Air Energi GMS oil and gas case study - Part two: Challenging regions

Source:Air Energi

Air Energi’s dedicated Global Mobility Team is focused on ‘people, process, and places’ and delivers GMS via 35 offices in 40 countries worldwide.

This is Part 2 of a 3-part article series. To read Part 1, click here. To read Part 3, click here.

Oil and gas projects are larger, more complex, and increasingly resource-intensive. They operate on an unforgiving schedule, where delays cost millions of dollars. Mobilising and deploying thousands of people around the world poses a wide range of unique and often location-specific challenges. Global Mobility Services (GMS) mitigate the people-related risk of international projects by managing personnel deployed from their point of origin and ensuring a safe and efficient relocation process.

Air Energi’s dedicated Global Mobility Team (GMT) is focused on ‘people, process, and places’ and delivers GMS via 35 offices in 40 countries worldwide. GMS reduces people-related project risks by ensuring personnel are in the right place at the right time, minimising the threat of costly project delays. Operational 24/7, the GMT is made up of highly-trained professionals in the oil and gas industry. It has global reach, technical insight and in-depth knowledge of how the industry functions. This ensures a total personnel solution delivered by people who understand the situation and needs of both clients and candidates.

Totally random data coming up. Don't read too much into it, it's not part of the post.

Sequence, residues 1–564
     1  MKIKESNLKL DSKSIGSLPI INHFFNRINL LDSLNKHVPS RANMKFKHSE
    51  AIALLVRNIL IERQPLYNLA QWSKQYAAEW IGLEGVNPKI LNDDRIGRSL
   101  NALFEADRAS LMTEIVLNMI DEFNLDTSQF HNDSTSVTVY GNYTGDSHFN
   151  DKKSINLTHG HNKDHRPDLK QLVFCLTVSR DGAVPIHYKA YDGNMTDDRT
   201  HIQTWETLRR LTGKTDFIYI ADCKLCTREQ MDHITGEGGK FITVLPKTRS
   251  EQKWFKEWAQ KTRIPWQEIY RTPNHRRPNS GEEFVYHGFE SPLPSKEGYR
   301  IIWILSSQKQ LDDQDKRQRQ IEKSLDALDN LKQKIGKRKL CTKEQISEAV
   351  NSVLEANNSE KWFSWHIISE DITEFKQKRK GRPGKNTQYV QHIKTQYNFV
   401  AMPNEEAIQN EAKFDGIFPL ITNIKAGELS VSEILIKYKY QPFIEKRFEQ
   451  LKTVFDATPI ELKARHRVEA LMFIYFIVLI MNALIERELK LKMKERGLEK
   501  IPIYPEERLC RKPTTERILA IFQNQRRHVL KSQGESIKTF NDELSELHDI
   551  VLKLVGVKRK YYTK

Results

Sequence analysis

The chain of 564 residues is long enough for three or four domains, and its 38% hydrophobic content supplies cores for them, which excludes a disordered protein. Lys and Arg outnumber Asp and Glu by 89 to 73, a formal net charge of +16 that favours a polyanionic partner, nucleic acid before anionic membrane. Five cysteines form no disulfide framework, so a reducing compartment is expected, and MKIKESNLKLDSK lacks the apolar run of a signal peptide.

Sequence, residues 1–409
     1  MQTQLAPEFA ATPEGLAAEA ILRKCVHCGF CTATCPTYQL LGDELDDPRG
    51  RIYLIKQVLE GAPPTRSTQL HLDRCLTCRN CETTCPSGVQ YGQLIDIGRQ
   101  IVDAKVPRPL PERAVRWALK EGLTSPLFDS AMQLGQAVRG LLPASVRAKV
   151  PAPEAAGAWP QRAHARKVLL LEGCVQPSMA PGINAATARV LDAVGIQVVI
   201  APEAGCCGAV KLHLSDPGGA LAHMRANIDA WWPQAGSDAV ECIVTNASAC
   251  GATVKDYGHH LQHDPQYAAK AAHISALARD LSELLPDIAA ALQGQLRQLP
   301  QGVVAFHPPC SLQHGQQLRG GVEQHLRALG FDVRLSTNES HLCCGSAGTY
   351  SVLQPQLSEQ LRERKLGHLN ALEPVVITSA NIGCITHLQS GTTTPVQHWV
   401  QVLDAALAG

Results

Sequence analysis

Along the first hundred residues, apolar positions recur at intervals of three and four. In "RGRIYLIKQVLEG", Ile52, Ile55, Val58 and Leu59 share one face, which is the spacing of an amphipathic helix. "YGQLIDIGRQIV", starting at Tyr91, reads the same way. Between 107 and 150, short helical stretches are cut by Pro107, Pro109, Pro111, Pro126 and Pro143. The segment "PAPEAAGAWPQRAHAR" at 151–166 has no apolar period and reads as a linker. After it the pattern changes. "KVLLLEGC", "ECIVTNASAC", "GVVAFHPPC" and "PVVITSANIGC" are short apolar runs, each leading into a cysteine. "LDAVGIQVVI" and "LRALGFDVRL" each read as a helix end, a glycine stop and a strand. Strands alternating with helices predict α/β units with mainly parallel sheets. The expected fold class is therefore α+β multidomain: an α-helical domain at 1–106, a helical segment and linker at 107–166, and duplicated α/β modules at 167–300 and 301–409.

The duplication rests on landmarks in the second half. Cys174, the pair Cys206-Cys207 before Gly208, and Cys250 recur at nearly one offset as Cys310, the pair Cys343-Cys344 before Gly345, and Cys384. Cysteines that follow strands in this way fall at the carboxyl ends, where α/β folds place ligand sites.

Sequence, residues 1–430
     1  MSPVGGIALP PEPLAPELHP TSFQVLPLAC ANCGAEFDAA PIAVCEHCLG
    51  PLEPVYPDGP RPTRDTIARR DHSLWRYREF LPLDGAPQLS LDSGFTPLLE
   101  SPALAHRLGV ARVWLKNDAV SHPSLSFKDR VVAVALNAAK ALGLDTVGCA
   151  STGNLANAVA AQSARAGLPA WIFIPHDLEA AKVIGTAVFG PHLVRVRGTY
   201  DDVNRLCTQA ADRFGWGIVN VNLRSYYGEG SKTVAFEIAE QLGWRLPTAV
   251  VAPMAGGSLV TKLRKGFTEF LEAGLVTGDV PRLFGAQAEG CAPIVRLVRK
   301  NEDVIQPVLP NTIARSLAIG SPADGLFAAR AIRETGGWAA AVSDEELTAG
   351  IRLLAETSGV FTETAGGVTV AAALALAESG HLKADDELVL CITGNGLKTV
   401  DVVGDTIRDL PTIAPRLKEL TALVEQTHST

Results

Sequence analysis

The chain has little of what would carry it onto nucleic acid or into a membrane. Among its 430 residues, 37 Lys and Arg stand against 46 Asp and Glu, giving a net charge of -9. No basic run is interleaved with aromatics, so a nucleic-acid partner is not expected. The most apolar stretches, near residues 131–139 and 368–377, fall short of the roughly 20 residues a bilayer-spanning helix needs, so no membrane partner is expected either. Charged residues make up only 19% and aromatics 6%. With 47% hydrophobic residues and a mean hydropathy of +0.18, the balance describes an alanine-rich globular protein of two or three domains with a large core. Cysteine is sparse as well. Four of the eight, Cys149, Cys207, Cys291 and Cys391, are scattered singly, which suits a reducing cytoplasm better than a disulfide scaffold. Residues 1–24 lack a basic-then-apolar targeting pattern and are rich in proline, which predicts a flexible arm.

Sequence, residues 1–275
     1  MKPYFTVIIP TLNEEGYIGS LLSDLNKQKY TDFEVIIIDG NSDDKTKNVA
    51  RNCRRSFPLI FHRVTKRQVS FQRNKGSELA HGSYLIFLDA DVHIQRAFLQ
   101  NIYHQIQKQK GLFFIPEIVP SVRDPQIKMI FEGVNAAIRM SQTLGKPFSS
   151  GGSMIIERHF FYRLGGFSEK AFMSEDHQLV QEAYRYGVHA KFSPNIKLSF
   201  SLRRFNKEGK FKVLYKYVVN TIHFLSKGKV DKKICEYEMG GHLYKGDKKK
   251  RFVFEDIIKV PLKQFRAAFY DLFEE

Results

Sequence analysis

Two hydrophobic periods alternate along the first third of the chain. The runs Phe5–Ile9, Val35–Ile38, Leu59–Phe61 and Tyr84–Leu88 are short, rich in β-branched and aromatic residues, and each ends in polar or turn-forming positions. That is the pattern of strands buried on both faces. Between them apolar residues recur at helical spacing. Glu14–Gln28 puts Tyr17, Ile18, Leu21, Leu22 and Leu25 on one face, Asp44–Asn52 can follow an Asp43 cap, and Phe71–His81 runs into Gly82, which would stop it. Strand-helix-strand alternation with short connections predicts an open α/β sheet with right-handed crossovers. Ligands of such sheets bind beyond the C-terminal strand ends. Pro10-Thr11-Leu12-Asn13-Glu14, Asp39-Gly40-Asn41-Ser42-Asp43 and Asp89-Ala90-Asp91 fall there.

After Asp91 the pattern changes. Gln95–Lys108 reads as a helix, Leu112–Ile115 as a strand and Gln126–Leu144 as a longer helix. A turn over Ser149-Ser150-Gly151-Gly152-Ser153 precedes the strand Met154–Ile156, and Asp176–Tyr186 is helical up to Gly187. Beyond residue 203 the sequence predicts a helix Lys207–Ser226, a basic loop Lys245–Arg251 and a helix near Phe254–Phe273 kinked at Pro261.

Compliance, bureaucracy, security, and challenging environments are all reasons why companies need to take a holistic approach to Global Mobility, as it is now an essential element in ensuring project success. With the safety and comfort of consultants paramount, the GMT regularly goes above and beyond to deliver personnel and project support. No two Global Mobility projects are the same, so each case requires an individual approach to address any cultural, logistical, or personal challenges that mobilised personnel encounter when on assignment.

Part two: Challenging regions

Papua New Guinea
Exploration and production (E&P) companies are operating in increasingly remote regions that can be unstable due to a number of factors. This includes extremely remote locations, natural disasters, and political turmoil, all of which risk the safety of deployed personnel on assignments. PNG is one such region. It is home to the Papuan Basin, one of the most explored and developed hydrocarbon plays in the region, producing approximately 28.3 thousand barrels of oil per day in 2013. However, despite the government’s goodwill towards foreign, it remains a turbulent region; crime is widespread, basic amenities are dubious, and contracting a life-threatening disease is a significant threat.

A $19 billion LNG project is currently underway in PNG. Due to the scale and scope of the project – it is expected to export 6.6 million tonnes of LNG per year – a contingent workforce of 250 personnel drawn from around the globe are assigned at any one time, in addition to 9,000 locals.

As the preferred supplier of technical manpower and associated mobilisation services to the operator, Air Energi was tasked with providing robust support for personnel needing to enter and exit the country safely and compliantly.